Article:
As can be seen in FIG. 3, the D-latches 170 and 158 are attached to two levers each. Levers 183 and 190 are secured to D-latch 158, and levers 168 and 192 are secured to D-latch 170. The extra lever 190 is present to permit electromechanical or remote tripping or closing of the breaker. An electromechanical flux transfer shunt trip 193 (See FIG. 3) may be secured to the frame 194 and connected through a trip unit (not shown) to the current transformer 38 so that, upon the occurrence of an overcurrent condition, the flux transfer shunt trip 193 will move lever 192 in the clockwise direction to provide release of the toggle latch lever 94 and opening of the contacts 24. An electrical solenoid device may be positioned on the frame 194 adjacent to lever 190 so that the remote pushing of a switch (not shown) will cause rotation of lever 190 causing rotation of D-latch 158 and discharging of the spring 148 to thereby close the breaker.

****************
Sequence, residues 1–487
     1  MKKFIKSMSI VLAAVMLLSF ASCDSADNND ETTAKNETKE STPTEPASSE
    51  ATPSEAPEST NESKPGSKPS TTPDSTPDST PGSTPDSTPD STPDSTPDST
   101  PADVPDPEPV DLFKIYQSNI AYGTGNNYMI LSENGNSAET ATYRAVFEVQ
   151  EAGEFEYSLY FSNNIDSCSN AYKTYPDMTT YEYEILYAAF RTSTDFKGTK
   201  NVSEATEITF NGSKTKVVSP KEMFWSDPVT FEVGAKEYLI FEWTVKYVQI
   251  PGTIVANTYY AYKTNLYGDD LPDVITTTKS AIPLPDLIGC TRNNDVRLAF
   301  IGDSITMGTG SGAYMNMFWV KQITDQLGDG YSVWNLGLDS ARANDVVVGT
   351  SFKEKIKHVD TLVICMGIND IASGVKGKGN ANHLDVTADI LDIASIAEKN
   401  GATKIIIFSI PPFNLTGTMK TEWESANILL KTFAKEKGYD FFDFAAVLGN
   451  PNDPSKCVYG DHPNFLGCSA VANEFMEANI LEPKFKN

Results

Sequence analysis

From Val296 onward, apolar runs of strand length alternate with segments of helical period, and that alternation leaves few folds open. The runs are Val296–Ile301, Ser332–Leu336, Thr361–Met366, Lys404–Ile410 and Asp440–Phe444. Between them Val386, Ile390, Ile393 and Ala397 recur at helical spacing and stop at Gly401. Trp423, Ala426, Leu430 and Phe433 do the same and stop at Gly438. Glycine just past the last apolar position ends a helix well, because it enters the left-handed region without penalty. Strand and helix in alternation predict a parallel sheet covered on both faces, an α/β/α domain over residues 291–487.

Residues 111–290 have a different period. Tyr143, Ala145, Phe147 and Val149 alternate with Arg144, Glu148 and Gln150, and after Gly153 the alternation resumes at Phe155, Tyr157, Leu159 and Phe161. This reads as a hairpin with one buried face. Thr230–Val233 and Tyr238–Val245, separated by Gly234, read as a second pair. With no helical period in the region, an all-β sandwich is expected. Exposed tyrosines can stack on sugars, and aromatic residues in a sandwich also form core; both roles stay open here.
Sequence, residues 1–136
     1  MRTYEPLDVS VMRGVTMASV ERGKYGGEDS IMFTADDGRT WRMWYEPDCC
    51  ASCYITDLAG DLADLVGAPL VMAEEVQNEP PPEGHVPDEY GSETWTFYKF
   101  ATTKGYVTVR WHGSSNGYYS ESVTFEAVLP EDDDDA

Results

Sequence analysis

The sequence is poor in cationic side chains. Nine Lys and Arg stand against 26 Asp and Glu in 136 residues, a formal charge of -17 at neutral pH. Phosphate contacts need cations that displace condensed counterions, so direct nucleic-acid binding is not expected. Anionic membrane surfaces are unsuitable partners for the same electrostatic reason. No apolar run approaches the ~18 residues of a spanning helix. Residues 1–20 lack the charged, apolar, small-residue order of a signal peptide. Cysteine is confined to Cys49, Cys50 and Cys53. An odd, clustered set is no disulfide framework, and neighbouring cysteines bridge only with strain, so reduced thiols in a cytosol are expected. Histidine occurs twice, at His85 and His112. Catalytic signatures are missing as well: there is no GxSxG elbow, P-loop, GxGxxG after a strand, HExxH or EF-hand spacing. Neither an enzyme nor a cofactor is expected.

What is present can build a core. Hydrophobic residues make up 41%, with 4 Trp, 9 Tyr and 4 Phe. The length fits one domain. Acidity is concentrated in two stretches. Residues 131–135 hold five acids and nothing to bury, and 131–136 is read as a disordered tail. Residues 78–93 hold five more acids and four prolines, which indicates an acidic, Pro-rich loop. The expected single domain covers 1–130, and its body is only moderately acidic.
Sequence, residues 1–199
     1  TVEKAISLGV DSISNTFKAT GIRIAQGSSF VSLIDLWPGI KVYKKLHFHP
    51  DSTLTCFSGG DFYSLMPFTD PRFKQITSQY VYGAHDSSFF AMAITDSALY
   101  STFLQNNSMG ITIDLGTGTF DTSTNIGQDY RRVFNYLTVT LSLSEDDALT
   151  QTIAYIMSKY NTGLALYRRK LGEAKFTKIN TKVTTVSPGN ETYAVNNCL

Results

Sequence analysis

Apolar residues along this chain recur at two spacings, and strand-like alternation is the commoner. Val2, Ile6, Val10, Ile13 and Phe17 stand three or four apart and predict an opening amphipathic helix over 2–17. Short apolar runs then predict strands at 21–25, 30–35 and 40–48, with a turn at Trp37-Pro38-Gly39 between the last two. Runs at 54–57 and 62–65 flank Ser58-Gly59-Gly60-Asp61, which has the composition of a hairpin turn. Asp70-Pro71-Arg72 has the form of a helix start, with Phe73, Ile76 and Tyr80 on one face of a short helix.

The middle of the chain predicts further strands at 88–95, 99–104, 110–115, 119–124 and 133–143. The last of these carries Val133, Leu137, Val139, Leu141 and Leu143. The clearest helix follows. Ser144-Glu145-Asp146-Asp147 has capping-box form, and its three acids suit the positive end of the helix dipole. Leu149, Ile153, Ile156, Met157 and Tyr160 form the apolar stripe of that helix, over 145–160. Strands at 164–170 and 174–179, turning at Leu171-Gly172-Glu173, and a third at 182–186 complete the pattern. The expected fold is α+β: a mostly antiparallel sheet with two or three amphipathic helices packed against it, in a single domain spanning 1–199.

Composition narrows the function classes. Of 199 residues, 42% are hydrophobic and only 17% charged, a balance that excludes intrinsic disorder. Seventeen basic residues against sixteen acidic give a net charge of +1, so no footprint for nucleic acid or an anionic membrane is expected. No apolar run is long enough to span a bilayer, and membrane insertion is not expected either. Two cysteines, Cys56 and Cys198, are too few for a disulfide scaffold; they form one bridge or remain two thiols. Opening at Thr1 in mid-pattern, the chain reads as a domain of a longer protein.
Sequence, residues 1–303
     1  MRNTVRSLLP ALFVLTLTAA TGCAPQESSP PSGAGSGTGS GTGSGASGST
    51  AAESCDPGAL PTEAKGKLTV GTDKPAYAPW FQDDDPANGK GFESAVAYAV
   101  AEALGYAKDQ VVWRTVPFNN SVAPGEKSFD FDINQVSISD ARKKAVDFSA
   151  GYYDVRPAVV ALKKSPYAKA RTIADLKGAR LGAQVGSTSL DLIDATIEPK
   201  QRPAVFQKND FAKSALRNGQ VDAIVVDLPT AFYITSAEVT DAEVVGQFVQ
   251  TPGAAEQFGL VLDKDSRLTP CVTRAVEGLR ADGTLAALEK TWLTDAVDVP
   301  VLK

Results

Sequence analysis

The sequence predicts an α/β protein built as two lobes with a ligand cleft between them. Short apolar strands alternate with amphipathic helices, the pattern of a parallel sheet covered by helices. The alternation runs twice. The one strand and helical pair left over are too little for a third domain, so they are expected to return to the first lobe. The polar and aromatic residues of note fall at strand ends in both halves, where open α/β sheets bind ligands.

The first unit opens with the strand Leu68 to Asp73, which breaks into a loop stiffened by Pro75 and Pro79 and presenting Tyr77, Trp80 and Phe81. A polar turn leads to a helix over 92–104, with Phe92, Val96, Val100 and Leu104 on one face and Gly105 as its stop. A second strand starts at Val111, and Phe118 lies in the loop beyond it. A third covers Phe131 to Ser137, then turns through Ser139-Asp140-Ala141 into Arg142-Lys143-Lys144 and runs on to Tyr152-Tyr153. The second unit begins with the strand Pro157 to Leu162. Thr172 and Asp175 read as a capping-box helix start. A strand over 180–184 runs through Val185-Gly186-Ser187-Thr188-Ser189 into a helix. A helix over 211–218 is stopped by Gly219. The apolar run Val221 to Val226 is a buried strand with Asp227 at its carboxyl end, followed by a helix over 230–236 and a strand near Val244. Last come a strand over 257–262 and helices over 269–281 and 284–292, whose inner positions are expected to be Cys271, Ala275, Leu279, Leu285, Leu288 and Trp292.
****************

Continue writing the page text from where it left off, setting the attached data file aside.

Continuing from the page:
Accordingly, the device of the present invention achieves certain new and novel advantages resulting in a compact and more efficient circuit breaker. The operating mechanism is electrically isolated from the movable contacts for safer operation, and an indicating rod mechanically indicates the position of the opening spring and movable contact.
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|U.S. Classification||200/308, 200/314, 200/400|
|International Classification||H01H9/16, H01H3/30|
|Cooperative Classification||H01H2003/3094, H01H3/30, H01H2003/3073, H01H3/3015, H01H9/16|